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His Spirit Stays Alive: a North Korean Refugee's Reaction to the Assassination of Kim Jong-nam

Kim Jong-nam in May 2001. Source: Shizuo Kambayashi/AP
by Yvonne Kim
22 February 2017

By Tom Norris, Contributing Writer

The motives behind the murder of Kim Jong-nam are being discussed all around the world but, within the North Korean refugee community, the assassination has provoked an entirely different reaction. To refugees like Mark Kim, the assassination was more than a singular act of terror, it was a wider attack on the refugee community. And while the murder of Kim Jong-nam reminded refugees that their lives are subject to the cold calculations of the regime, in Mark’s view, it did not end hope for change in North Korea- as Kim Jong-nam’s spirit stays alive.

Kim Jong-nam, was not a typical North Korean exile. As Mark points out, his first foiled escape was not a swim across the Yalu River under the cover of darkness but rather a visit to Tokyo Disneyland under the cover of a Dominican Republic passport. Once out of North Korea, Kim Jong-nam did not face the usual obstacles for a refugee either. Far from adapting to a new life at the bottom of society’s totem pole, Kim Jong-nam lived a millionaire’s lifestyle in Macau, where he was often seen in nightclubs and casinos.

But despite the man’s playboy reputation and princely upbringing, Mark insists that Kim Jong-nam was a relatable figure to many North Korean refugees. Although his motivations were certainly incomparable, Mark believes that Kim Jong-nam “felt a similar need to see the outside”. And that, like himself, once Kim Jong-nam “experienced freedom and capitalism, he became addicted and didn’t want to go back”.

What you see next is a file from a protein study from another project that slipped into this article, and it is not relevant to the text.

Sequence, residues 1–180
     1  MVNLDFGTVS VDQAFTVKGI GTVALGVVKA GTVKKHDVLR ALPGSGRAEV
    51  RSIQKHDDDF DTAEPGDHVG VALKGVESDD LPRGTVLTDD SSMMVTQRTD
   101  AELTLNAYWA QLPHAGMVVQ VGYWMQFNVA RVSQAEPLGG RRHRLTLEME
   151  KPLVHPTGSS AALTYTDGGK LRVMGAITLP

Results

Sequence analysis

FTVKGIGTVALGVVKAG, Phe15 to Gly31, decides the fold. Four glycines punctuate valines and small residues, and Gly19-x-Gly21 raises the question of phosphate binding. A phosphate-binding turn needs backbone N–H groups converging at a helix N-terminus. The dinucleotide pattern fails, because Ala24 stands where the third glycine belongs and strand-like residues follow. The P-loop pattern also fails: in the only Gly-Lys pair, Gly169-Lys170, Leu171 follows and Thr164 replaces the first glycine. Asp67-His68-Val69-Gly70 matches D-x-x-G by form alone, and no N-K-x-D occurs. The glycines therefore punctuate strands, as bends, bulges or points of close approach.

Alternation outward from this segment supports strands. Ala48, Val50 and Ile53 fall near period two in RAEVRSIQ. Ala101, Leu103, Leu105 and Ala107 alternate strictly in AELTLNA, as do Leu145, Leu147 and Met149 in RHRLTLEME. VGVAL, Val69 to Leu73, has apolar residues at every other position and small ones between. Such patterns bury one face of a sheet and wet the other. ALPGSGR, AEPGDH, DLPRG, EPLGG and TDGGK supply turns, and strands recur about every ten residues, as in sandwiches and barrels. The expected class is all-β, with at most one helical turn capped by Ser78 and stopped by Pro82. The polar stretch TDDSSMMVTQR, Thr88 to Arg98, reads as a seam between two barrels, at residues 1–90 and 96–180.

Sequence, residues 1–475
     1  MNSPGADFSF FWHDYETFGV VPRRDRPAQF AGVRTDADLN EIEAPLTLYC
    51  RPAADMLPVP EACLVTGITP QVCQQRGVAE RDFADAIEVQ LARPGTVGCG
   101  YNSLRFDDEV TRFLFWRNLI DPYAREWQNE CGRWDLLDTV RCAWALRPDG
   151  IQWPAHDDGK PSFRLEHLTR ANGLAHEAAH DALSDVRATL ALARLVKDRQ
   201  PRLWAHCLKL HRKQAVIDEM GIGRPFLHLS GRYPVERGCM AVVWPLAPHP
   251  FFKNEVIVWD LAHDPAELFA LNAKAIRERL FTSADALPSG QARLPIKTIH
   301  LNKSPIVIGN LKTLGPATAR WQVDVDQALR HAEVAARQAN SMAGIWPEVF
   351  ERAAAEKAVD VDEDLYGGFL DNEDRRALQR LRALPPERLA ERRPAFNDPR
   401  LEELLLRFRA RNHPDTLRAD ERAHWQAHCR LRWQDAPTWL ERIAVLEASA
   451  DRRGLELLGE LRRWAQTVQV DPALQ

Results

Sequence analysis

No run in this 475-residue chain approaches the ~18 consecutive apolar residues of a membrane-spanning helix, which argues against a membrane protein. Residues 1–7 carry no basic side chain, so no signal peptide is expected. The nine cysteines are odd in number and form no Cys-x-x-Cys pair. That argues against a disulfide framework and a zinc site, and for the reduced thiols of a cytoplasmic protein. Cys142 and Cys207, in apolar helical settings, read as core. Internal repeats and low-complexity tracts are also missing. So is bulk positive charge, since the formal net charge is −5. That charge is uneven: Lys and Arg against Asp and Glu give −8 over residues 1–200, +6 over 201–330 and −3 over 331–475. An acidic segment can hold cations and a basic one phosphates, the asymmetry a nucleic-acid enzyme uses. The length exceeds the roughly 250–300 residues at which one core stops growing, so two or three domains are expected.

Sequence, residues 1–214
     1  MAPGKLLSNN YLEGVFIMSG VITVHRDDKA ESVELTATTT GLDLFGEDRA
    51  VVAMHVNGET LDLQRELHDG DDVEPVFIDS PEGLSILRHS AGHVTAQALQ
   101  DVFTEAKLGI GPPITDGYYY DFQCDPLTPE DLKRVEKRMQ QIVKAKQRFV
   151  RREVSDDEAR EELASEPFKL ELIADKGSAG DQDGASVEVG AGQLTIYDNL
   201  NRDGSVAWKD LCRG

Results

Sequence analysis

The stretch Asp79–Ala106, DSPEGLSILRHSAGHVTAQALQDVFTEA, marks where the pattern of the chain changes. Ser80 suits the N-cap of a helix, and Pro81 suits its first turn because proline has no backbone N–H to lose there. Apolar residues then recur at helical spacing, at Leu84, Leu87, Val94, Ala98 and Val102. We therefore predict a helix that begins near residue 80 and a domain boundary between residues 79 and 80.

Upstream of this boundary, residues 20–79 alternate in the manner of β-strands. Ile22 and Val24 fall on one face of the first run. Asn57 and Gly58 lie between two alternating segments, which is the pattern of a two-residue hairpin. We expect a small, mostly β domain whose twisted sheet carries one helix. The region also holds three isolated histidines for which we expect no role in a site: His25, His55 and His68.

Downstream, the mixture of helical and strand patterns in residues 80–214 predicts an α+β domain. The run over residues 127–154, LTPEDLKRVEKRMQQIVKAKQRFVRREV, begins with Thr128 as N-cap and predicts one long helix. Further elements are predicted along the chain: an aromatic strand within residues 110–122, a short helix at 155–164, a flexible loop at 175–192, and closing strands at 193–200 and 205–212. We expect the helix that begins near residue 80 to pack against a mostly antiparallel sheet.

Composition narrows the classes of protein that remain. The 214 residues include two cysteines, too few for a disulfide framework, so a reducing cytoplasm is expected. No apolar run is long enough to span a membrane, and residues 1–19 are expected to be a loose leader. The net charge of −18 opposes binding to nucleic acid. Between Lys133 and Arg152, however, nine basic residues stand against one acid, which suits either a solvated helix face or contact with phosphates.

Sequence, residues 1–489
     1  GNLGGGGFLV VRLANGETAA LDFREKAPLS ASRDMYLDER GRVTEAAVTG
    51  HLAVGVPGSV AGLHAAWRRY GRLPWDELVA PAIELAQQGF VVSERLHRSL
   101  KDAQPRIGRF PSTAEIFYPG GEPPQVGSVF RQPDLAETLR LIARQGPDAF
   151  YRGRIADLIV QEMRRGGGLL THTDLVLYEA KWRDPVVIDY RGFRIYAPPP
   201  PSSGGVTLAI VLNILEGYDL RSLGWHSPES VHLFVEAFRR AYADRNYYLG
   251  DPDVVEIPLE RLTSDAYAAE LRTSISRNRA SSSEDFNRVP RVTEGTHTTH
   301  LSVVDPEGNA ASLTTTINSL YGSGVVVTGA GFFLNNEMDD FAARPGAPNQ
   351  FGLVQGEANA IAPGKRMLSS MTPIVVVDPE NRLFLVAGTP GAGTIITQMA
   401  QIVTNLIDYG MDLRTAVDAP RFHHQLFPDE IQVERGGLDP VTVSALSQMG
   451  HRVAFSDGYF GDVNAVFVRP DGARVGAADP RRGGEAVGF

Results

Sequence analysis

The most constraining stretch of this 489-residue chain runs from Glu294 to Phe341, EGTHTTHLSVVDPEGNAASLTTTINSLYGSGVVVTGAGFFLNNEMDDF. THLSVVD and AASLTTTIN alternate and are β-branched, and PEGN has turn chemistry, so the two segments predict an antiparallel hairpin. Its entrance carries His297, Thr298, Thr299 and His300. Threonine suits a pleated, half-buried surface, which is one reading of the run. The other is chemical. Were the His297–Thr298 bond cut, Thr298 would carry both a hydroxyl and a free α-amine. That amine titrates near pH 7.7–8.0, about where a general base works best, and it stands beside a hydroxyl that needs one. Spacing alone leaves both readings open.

Like other North Koreans in exile, Kim Jong-nam was critical of the North Korean government, calling for economic reforms and an opening of the country. To North Korean refugees and to North Koreans living along the Chinese border with access to news, Kim Jong-nam’s calls for reform and rejection of his half-brother’s regime were a source of hope. And, to those most vocal about their disapproval of the Kim regime, Kim Jong-nam was even something of an inspiration. However, his death proved to the refugee community just how easily the regime can silence such dissent.

Mark believes that Kim Jong-nam’s assassination was not a sudden event and that Kim Jong-nam’s murder should be seen as a final step of the regime’s tactical response to dissent. A response strategy that, according to Mark, all North Korean refugees are potentially subject to. Prominent members of the refugee community, especially those most vocal about North Korea’s human rights abuses, have previously been spied upon and their remaining family members in North Korea targeted for punishment. As Mark explains, these dangers are fully understood by the refugee community but now, with Kim Jong-nam’s assassination, dissidents are even more acutely aware of the lengths the regime will go to silence their criticism.

Kim Jong-nam may have been seen by the world as more of a reject than a refugee. Nevertheless, his vision for a reformed North Korea strongly resonated with the North Korean refugee community and his acts of dissention served as inspiration for others to do the same. He is now the latest victim of the Kim regime but his hope for an open North Korea is not extinguished with his death. It lives on with Mark and all other North Koreans who dream of a better future for their country.